When I was growing up, I thought my dad was extra popular and well known in our neighborhood. As we would drive through our narrow streets lined with park cars, other drivers would stop and wave to my dad, and he would wave back. At some point, I asked my dad, “do we know that person?”

The reply was always, “no.” So who the heck were all these people?

The answer, of course, was that each driver was courteously letting the other pass by on the narrow street as they approached each other. They signaled each other with a quick wave of the hand.

I thought that waving was a really nice thing to do because I was a naïve little kid. I still do, partly because I’m now a naïve adult.

Other than 4-way stops where no one knows who should go first, I see the wave most often today as a sign of recognition or acknowledgement (I’m going to ignore the single-finger salute for now). The most common is with motorcyclists as they pass each other.

Certain car makes will also wave to each other, such Corvettes. Sometimes it is with an entire manufacturer, such as with Porsche.

The feeling of recognition and connection with another driver certainly gives me the warm fuzzies, but it’s not all rainbows and unicorns down at the farm.

“All animals are equal, but some animals are more equal than others.”
–George Orwell

For example, it seems as if cruiser-bike motorcyclists only begrudgingly acknowledge those on sport bikes. A few years ago a friend wrote an article in a car club newsletter about the hierarchy of waving while driving a Porsche. It was funny and annoying at the same time, revealing a caste system in the sports car world. It’s especially annoying to me since my beloved front-engined, water-cooled Porsches (924/944/968/928) are apparently at the bottom of the totem pole.

Would a Toyota Prius owner wave or try to run down a Chevy Volt owner? What happens when a Viper and a Cobra find themselves on the same street? Will anyone ever wave to a Pontiac Aztek?

Sports car ownership is not an egalitarian society, but a bit of courtesy and civility would be nice.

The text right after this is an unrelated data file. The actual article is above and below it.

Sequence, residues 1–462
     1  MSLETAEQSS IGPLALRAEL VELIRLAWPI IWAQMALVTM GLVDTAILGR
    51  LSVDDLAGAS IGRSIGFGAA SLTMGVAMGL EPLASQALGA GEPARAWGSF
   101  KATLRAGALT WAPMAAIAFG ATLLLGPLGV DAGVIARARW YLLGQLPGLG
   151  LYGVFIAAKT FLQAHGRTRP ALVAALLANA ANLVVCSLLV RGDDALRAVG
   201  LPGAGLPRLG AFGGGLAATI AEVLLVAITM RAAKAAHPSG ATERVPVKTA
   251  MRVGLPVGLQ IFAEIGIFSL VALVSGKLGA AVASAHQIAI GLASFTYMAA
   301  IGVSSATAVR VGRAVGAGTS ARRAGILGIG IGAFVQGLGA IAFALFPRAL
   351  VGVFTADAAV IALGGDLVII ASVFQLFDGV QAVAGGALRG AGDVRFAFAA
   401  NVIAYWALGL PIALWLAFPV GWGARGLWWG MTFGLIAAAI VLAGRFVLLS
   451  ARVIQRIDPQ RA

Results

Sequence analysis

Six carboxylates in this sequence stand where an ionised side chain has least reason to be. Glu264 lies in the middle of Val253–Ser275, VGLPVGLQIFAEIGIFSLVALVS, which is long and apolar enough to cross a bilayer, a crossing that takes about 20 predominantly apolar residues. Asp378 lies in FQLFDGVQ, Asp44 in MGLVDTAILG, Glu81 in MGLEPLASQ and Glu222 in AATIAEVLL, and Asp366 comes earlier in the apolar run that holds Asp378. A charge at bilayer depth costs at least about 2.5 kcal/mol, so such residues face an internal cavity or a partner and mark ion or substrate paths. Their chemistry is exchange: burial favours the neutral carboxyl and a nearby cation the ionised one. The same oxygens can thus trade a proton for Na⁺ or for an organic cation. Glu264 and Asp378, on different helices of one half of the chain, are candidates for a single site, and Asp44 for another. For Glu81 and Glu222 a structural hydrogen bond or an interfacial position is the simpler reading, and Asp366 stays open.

Reventon and Veyron should be Crayola colors
Volkswagens that share the same garage.

And so I’m pleasantly surprised that Subaru Impreza owners also acknowledge each other with friendly waves. I’ve seen other niche models such as VW Beetles and Smart cars wave to each other as well.

I like to take it a step further and give recognition based on a certain class of sports cars. For example, a car most often cross-shopped and compared with the Subaru WRX STI is the Mitsubishi Lancer EVO. When I see an EVO as I’m driving in my STI, I want to wave to say, “Hi! I’m your evil nemesis! How’re ya doin’ today?” So far I’ve just received funny looks when I’ve done this, but I’m going to keep trying.

I’m sure the owners of Camaros and Mustangs (and Challengers, if you’re into garage à trois) would rather see human sacrifices, dogs and cats living together, and mass hysteria than wave to each other, but I’d be happy with a healthy respect for similar performance vehicles.

Theme music from Louis Armstrong

Can you see a world where a 911 and Corvette share the same driveway? Where a Lamborghini will park next to a Ferrari at a Wendy’s? Where a BMW Isetta, a Fiat 500, a Mini Cooper, a Goggomobil, a Messerschmitt, a Subaru 360, a Vespa 400, and an Atlas all park in the same two-car garage?

BMW Isetta at the Dream Cruise
That bicycle should really be passing the Isetta on the left.

“Can we all get along?”
–Rodney King

I don’t expect the day is coming soon when a Ferrari FF (or Lamborghini Aventador) driver will acknowledge me in my Subaru STI just because we’re driving all-wheel drive vehicles, but a friendly (and sometimes cranky) enthusiast can always dream.

Crankiness Rating: 3 out 11 (A soft sell gives me warm fuzzies, too.)